My birthday is at the very end of September. But September 1st you better believe I’m shaking my children by the shoulders yelling in their face, “IT’S MY BIRTHDAY MONTH!!” Raise your hand if you can relate. I see you.
None of us are more deserving of a month-long celebration than Jesus Christ. So, today I bring you… Jesus paintings (please read dramatically with a theatrical sweeping arm motion as you bow and walk backwards. Thank you.)
First up is The Transfiguration by Raphael. It was the last piece of art he completed before his death, and in fact it was beside his bed when he died. (Talk about being married to your work!) Before I read up on this painting, I tried to guess who was who. I got Jesus correct (haha) and the disciples (left to right: James, Peter, John. John’s blonde curls are always a giveaway.) But I mixed the prophets up. I guessed Moses was on the left, but the internet says that’s Elijah. I can’t figure out why. The guy on the left looks more Moses-y to me, and nowhere can I find an explanation on why art historians are so certain Elijah is on the left. The bottom half is much busier. It features the possessed boy that Jesus will heal, the rest of the disciples, and some randos. Judas is lurking in the dark, as usual. Go figure. (Get it? No? Then let’s transition to our next piece…)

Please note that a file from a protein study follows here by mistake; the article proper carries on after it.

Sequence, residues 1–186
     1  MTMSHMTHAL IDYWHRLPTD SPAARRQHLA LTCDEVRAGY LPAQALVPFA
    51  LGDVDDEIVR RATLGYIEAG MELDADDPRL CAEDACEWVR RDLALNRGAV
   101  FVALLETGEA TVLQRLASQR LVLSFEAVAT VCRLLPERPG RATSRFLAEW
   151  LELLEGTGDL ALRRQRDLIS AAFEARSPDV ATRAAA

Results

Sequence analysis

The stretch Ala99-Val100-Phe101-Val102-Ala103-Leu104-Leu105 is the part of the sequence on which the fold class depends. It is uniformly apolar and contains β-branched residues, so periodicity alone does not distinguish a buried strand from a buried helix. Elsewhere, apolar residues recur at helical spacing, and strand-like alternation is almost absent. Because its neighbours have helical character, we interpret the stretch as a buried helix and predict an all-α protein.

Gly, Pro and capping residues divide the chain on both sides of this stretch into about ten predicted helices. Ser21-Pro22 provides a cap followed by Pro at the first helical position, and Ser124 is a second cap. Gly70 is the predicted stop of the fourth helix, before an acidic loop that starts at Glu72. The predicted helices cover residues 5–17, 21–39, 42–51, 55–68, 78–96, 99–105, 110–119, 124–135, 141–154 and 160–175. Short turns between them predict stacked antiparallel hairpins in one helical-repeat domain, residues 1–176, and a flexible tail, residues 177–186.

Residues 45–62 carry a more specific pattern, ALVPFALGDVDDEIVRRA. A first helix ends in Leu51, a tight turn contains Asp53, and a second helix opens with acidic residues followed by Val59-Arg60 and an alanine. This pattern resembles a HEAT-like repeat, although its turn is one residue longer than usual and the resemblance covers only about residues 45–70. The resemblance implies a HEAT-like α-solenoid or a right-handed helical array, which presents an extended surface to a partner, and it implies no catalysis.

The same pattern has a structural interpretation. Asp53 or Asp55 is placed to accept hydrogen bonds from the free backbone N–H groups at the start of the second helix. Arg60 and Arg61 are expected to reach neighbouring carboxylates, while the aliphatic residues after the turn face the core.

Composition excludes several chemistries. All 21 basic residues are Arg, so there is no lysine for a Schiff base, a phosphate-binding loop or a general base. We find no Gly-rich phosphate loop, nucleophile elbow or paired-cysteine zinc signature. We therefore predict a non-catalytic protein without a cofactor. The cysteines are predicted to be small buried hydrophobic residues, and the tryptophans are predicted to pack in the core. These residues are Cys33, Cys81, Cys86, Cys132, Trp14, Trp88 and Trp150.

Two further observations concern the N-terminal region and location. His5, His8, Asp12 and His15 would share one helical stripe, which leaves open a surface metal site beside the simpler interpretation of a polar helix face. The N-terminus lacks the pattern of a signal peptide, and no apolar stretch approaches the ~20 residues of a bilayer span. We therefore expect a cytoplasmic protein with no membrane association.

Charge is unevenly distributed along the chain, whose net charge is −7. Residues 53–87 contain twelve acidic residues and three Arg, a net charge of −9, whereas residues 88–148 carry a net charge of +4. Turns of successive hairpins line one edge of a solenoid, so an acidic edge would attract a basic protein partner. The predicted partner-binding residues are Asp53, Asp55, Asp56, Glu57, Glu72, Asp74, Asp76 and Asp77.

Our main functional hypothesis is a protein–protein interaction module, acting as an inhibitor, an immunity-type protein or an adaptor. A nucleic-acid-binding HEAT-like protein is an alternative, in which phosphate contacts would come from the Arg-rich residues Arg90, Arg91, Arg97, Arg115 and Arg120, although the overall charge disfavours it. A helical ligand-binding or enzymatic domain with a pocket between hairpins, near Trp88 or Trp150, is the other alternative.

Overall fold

Next is Head of Christ by Rembrandt. Look, nobody really knows what Jesus looked like, but we can speculate. And we should assume he didn’t look like this. But I think we should throw Rembrandt a bone. In the olden days people were just painting based on what they saw when they were out and about at Starbucks or Costco. Rembrandt based this portrait off a Jewish model, so that’s something, right? And it’s a lovely painting. Not everyone could pull off brown on brown, with brown hair and brown eyes, but Rembrandt does. And I bet Jesus did too.
Finally, if we’re going to talk about Jesus at Christmas, we need a nativity. We need baby Jesus. How sweet and precious is this picture of Mary (practically a baby herself!) worshipping her newborn. Putting aside the fact that nobody told her how bad breastfeeding would hurt, and just praising her Savior. I love how Jesus’ pillow acts as a halo, and it might just be my imagination, but it looks like the cracks in the wall are making a halo around Mary. Great nativity creativity, Barrocci! The animals are looking on, Joseph is presumably confirming what the shepherds already know, and Jesus’ fat little baby cheeks are rosy and kissable. Could we ask for a dreamier representation of the first Christmas?